Every day this Christmas break, my friend Marie-Claire and I have decided to join up in our blogging efforts. We will be choosing a topic and posting our own interpretation of it. So follow along with both of us as we share our completely reliable opinions on fashion, pop culture, and life before our last semester of grad school.

Today's topic: Dream Jobs

Preface: This does not include the job that I'm actually studying to do (because, frankly, I'm supes tired of talking about that). Reality aside, here are my other top ten dream jobs. 

10. YA Author

Oh, to see my name on the spine of a pink book in the young adult section of the library! I would write about unlikely heroines and teenage drama, and I would say "like" and "you know" and "I mean" a lot. YA authors have that liberty. (I would also use fragments. Like all the time.)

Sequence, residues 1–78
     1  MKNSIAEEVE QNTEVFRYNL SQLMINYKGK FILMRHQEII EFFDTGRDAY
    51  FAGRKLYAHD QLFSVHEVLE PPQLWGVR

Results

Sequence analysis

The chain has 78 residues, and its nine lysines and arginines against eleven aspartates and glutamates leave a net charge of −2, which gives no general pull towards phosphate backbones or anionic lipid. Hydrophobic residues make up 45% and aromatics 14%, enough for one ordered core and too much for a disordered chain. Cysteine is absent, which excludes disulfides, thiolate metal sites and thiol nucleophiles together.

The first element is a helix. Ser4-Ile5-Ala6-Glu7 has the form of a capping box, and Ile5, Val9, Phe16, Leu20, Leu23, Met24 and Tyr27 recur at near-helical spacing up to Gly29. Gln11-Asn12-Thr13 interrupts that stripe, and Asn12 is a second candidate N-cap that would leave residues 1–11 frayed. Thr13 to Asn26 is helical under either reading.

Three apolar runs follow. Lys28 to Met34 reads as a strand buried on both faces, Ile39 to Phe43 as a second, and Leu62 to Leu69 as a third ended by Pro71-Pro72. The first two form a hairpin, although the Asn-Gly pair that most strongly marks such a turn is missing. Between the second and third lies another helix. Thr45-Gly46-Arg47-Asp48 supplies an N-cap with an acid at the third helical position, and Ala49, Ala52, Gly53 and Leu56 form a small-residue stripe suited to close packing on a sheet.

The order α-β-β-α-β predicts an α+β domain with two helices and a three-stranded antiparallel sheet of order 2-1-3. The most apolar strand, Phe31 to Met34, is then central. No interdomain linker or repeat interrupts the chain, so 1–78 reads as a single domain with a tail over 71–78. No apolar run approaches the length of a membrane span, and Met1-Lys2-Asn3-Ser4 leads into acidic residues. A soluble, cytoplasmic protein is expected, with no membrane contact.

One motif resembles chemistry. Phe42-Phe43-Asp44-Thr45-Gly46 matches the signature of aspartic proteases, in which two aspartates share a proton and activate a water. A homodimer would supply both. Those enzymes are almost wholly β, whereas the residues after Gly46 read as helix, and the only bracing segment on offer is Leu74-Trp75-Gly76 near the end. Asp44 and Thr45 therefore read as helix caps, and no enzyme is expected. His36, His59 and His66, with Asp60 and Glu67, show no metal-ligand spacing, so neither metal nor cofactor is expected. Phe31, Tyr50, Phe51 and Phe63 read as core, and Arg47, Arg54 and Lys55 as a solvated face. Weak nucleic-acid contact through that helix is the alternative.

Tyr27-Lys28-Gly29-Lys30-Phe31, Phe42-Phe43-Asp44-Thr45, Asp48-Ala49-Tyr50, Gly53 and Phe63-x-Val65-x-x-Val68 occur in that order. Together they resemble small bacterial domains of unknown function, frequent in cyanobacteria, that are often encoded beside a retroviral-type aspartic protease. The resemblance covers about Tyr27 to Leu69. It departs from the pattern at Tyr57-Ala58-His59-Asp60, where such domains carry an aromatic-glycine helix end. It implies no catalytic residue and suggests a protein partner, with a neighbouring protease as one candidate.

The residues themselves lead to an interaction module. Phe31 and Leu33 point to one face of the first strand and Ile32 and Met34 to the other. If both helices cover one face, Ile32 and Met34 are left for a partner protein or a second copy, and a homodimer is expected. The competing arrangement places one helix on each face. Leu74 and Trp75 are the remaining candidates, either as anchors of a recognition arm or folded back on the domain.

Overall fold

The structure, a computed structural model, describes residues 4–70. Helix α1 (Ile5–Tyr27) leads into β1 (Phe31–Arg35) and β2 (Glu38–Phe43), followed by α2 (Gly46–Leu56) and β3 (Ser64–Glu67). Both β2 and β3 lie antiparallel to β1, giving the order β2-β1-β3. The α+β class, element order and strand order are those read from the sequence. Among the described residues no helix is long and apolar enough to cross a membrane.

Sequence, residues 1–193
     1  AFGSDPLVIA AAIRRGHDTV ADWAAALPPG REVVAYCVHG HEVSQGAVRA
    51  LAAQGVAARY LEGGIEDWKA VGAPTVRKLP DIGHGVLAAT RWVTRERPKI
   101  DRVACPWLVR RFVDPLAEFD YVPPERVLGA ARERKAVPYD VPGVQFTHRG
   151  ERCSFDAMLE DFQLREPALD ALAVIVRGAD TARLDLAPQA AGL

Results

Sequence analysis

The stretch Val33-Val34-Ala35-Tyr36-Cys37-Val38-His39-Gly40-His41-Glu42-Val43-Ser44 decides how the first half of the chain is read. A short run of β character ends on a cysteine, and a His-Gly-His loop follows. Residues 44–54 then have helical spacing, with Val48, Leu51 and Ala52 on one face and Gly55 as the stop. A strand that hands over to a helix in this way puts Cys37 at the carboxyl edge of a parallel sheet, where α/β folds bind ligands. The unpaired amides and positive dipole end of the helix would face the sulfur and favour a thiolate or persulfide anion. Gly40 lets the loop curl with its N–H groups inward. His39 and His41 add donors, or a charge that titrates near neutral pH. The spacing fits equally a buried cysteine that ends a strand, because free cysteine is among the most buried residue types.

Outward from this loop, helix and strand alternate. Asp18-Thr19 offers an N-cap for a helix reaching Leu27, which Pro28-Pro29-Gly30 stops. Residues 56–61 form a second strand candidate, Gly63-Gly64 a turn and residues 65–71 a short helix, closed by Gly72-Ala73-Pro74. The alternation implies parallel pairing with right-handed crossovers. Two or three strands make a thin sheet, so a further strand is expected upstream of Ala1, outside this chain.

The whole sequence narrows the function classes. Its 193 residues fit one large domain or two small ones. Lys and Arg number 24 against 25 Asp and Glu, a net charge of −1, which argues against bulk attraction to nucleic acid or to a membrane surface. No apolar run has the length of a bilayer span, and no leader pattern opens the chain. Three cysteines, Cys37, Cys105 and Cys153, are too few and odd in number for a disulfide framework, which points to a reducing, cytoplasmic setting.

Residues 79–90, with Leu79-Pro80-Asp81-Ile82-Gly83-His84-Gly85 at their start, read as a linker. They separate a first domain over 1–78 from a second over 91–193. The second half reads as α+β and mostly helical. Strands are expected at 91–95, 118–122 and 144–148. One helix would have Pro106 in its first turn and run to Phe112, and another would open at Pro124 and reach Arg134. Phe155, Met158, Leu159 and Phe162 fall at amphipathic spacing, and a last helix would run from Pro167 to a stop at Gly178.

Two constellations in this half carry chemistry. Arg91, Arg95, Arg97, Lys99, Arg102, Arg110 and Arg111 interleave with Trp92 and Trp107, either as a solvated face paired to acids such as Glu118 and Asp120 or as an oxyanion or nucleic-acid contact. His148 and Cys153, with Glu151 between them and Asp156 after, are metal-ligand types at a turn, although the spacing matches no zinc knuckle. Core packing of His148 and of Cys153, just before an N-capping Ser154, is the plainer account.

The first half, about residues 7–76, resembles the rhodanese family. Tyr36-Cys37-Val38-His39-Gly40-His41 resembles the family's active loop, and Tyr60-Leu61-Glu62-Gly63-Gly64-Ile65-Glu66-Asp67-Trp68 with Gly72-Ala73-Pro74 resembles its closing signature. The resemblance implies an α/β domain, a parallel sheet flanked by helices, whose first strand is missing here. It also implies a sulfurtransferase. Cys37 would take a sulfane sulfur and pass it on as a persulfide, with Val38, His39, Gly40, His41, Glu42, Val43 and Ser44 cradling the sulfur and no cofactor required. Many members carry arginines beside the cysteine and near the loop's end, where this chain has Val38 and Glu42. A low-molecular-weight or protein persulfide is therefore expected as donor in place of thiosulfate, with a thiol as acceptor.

9. Wedding Planner

I cannot think of a more Pinterestastic job than planning weddings. This job would combine my love of fancy events, planning, meeting people, and holding clipboards.

8. Makeover-er

Think Stacy London and Clinton Kelly. When my friends and I were in college, we wanted to start a makeover service through which we could aid the awkward freshmen with their fashion and beauty choices. So many girls with triangle hair, so many boys with cargo jeans, so little time.

7. Photographer

Being a photographer seems glamorous and artsy, and you get to use Photoshop, which is practically one of my love languages.

6. Web Designer

I took a web design class during my second semester of grad school, and it made me rethink all of my life choices. By which I mean, I wished I could've gone back in time and majored in web design. I just want to know all of the code.

5. Professional Runner